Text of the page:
Was the wet market the source for some patients at least?
It is hard to say. In a public notice on January18 , the Wuhan municipal commission did make it sound that way. Among the first steps China took to combat the outbreak was to close down the market. But the Lancet paper shows that the first patient to fall sick never visited the wet market. If so, he or she could have caught the virus elsewhere and then given it to others in the cluster.
Still, the virus does seem to have emerged from an animal source. One analysis reports that 96% of its genome is identical to a bat coronavirus, suggesting a bat origin. Yet another paper – this one more controversial – published last week argues that snakes were a likely source of the outbreak. This latter study examined the codons 1 preferred by the 2019 nCoV to make proteins, and compared them to codons preferred by other species, like snakes, hedgehogs and bats. Because the coronavirus’s preferred codons resembled those preferred by the Chinese krait and the Chinese cobra, the authors concluded that these species were most likely the animal hosts. But other scientists have questioned this theory for a number of reasons – including the fact that there is no previous instance of a cold-blooded reptile hosting a mammalian coronavirus.
If bats are the source, this wouldn’t be the first time. The Indian Nipah outbreak of 2018 was linked with fruit bats, although how the virus jumped to humans remains unclear. Wet markets – where a number of wild animal species are kept together in crowded, unhygienic conditions – are at major risk of such spillover events. For example, after the SARS outbreak, researchers hypothesised that live palm civets sold in Chinese restaurants could have given the virus to customers and attendants. The palm civet, in turn, may have acquired the virus from a bat.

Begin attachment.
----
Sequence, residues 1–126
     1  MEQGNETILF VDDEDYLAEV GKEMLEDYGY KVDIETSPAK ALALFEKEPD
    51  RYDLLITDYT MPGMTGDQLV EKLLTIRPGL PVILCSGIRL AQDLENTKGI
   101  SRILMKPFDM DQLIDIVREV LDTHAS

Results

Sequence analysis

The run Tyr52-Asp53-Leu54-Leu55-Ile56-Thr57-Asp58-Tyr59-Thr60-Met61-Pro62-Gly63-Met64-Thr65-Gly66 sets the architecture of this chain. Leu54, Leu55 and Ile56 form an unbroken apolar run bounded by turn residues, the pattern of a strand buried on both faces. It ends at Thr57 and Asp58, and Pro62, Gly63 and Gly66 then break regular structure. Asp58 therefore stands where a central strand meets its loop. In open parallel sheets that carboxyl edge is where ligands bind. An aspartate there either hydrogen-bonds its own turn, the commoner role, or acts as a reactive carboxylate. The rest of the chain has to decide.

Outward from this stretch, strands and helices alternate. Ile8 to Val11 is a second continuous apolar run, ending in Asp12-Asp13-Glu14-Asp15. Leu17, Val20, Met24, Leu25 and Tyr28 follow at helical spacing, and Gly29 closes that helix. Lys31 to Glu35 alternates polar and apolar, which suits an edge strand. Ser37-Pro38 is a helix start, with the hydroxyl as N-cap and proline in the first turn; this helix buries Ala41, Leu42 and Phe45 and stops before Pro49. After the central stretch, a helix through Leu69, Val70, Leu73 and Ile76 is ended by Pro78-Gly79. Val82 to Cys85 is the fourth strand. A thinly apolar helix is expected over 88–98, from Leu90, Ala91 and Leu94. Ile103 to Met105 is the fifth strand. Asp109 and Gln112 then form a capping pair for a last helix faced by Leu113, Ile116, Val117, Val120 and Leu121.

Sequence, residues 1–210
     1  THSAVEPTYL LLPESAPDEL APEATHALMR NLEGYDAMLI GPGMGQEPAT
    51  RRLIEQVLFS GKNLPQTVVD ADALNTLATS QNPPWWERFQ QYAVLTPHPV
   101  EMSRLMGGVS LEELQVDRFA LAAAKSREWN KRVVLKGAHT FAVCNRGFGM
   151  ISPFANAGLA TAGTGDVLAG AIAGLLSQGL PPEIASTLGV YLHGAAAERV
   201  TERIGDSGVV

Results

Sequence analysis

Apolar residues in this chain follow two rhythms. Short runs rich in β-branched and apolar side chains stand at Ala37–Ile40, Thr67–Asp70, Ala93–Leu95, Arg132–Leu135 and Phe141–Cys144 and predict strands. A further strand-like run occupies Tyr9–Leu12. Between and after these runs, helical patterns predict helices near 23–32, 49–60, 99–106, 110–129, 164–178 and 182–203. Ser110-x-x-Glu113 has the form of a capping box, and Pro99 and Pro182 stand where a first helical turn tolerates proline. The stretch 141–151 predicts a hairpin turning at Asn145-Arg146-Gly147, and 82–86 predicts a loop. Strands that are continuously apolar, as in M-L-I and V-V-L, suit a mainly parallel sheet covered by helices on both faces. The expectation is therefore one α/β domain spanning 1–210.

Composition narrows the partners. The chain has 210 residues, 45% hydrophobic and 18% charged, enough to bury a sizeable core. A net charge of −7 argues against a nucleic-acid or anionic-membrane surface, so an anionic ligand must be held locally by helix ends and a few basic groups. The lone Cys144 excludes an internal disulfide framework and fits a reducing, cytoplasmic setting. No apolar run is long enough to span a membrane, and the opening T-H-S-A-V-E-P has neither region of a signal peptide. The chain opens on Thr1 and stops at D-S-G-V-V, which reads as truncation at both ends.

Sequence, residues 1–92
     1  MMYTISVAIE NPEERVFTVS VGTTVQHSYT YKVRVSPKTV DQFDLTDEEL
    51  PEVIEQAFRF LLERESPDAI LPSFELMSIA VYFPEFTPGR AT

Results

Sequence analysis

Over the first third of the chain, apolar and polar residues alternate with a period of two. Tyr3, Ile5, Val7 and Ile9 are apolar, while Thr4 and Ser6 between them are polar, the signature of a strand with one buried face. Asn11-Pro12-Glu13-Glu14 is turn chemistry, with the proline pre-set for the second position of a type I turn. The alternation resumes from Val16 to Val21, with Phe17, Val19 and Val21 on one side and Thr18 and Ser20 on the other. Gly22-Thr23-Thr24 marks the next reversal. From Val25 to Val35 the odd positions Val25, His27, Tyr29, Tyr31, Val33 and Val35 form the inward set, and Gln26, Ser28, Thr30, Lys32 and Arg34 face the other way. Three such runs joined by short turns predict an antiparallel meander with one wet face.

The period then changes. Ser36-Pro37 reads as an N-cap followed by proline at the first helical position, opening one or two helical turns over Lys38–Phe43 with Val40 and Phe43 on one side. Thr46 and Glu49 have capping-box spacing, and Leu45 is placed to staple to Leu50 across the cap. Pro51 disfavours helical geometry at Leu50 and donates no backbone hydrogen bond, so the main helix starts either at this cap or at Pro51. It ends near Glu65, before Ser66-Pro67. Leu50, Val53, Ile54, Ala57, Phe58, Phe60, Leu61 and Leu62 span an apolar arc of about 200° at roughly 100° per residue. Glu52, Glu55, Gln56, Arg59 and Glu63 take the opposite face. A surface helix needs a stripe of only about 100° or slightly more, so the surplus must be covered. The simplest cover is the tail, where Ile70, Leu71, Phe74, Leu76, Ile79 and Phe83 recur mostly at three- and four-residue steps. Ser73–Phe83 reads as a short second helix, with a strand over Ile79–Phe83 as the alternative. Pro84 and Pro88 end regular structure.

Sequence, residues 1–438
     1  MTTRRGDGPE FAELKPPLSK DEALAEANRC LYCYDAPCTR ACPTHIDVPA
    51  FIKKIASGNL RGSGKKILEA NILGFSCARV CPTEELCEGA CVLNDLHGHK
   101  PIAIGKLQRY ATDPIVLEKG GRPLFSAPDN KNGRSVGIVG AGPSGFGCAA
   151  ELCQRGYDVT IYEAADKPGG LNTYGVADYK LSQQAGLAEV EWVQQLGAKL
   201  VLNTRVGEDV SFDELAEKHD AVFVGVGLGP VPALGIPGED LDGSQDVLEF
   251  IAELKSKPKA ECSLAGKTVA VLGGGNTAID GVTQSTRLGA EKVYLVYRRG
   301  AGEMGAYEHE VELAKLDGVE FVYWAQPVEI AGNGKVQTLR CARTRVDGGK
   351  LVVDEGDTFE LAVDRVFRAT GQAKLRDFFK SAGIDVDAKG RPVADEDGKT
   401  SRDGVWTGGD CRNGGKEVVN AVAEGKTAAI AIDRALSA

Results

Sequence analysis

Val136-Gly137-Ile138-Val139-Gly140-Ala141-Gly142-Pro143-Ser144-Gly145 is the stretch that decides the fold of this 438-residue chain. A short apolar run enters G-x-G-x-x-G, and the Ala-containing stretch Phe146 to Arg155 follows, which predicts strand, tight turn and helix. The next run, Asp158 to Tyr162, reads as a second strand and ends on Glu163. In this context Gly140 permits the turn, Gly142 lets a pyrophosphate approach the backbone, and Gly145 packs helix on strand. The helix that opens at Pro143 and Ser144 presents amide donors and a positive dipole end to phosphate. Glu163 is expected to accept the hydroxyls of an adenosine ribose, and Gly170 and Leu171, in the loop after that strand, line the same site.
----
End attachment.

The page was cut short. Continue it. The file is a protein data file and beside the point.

As it happened with the SARS outbreak, the current one has also turned the spotlight onto China’s booming illegal trade in wild animals. One study in Southern China found that few people took precautions, like wearing masks and gloves, while purchasing animals from wet markets. After SARS, there were strong calls for Chinese markets to shut down the sale of live animals and to switch to refrigerated meat, which poses a lower risk of zoonotic spillover. But the strong demand from gourmands and traditional medicine practitioners has kept the business going, according to Reuters.
Note: This article incorrectly used the term isolate instead of quarantine. It was corrected at 1:20 pm on June 24, 2020.
Priyanka Pulla is a science writer.
A sequence of nucleotides in the viral genome↩